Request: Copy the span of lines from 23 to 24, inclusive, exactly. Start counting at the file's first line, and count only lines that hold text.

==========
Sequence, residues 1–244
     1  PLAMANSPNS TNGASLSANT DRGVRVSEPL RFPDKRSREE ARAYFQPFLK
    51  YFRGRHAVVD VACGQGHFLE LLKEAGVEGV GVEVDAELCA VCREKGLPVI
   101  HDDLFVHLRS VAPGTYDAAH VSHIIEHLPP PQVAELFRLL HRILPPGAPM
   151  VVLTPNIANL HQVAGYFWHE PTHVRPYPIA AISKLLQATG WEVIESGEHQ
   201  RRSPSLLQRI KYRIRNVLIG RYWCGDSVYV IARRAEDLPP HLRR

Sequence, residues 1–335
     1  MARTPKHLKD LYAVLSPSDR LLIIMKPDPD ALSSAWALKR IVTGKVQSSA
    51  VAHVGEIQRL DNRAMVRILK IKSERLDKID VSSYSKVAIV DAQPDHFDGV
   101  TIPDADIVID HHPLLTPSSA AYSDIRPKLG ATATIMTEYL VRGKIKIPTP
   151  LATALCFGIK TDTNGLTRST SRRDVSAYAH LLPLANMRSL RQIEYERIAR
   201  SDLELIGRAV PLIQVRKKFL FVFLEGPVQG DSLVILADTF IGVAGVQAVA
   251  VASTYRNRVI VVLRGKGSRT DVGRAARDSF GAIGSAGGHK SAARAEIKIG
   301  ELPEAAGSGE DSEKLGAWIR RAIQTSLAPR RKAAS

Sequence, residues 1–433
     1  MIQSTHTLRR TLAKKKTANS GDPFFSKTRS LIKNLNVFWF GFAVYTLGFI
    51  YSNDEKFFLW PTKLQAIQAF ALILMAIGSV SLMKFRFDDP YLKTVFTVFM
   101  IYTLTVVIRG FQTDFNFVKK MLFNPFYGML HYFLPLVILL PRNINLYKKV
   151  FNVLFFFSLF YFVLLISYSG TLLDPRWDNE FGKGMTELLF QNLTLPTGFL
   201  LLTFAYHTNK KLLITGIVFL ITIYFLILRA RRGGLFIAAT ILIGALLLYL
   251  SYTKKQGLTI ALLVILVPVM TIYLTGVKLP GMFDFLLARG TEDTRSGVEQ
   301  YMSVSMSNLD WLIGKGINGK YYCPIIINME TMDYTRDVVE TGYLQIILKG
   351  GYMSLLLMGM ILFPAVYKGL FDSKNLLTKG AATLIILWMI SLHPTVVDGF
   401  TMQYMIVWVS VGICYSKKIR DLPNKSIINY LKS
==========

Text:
   351  GYMSLLLMGM ILFPAVYKGL FDSKNLLTKG AATLIILWMI SLHPTVVDGF
   401  TMQYMIVWVS VGICYSKKIR DLPNKSIINY LKS